Lynn Addington studies crime by the numbers.
Her interest in crime data began in graduate school when she worked on a project to develop hate crime questions for the US Department of Justice’s National Crime Victimization Survey. “Studying crime data and working to improve our measures of crime might not be ‘hot topics’ but this information provides essential foundational knowledge. Having accurate and complete crime statistics are critical for policymakers to evaluate programs, academics to assess theories, and the general public to better understand their risk for victimization.”
Addington is now one of the nation’s foremost experts in crime measurement. She currently is working directly with federal agencies on projects to improve our two primary sources of national crime statistics: the National Crime Victimization Survey and the Uniform Crime Reporting Program. She is completing a Visiting Fellowship with the US Department of Justice’s Bureau of Justice Statistics where her project concerns redesigning the NCVS. She also serves as the only academic representative to the FBI’s focus group supporting the UCR’s National Incident-Based Reporting Program. Addington is a regular consultant on school crime surveys for the U.S. Department of Education.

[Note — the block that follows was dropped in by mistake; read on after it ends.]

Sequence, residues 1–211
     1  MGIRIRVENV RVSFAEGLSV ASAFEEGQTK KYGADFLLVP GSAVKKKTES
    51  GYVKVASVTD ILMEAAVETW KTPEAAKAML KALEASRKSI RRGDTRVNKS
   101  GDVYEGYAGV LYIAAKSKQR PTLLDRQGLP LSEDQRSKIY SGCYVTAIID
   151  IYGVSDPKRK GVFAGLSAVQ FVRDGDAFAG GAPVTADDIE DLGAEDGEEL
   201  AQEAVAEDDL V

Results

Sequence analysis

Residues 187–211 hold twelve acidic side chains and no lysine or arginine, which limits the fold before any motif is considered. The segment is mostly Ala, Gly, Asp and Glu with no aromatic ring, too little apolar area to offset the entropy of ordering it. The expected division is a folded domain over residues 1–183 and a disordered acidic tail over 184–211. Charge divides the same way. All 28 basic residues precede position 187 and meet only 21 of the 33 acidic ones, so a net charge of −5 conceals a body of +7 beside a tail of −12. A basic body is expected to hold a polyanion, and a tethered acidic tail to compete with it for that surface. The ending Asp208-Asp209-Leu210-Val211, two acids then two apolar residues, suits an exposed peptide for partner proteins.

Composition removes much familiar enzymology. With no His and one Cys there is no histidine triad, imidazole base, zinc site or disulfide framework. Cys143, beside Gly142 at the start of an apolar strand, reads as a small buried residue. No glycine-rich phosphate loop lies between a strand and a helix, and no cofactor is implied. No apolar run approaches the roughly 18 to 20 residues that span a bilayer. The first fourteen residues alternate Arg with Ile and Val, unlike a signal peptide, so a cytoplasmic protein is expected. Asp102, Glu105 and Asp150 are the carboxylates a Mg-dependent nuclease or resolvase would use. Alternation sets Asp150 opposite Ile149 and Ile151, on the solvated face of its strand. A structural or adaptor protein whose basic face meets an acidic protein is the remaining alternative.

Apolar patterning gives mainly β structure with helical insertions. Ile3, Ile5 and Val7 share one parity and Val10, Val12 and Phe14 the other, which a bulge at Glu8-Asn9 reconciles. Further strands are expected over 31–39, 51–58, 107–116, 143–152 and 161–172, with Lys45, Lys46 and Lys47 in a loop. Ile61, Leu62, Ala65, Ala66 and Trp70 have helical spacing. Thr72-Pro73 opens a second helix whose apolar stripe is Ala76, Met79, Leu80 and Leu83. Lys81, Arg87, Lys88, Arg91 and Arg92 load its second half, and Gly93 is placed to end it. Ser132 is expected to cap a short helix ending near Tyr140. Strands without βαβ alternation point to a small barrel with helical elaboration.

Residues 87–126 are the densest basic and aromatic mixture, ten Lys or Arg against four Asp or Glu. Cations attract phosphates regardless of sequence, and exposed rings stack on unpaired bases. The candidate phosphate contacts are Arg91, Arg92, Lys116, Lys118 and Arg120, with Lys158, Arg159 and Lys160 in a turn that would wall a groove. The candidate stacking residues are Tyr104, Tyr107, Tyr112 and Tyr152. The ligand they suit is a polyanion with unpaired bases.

In addition to her work with crime statistics, Addington studies issues surrounding violent victimization that include rape/sexual assault, school violence and homicide. Her work has been supported by research grants from the American Educational Research Association, American Statistical Association, Bureau of Justice Statistics, and National Institute of Justice. She also presented before the federal advisory committee that reviewed the military’s responses to sexual assault.
Addington has an extensive publication record. She is the co-editor of an original volume of research entitled Understanding Crime Statistics: Revisiting the Divergence of the NCVS and UCR (Cambridge University Press, 2007). Her articles have appeared in a range of outlets spanning criminology, education, law, and sociology. In January 2015, she will begin a four-year term as editor of the journal Homicide Studies.
“SPA provides an exciting and supportive environment for scholarship. I have capitalized on our DC location and become actively engaged in research that matters and has direct policy implications. SPA recognizes and encourages this work. SPA also is generating a teaching environment that facilitates undergraduate involvement in research projects and field experiences.”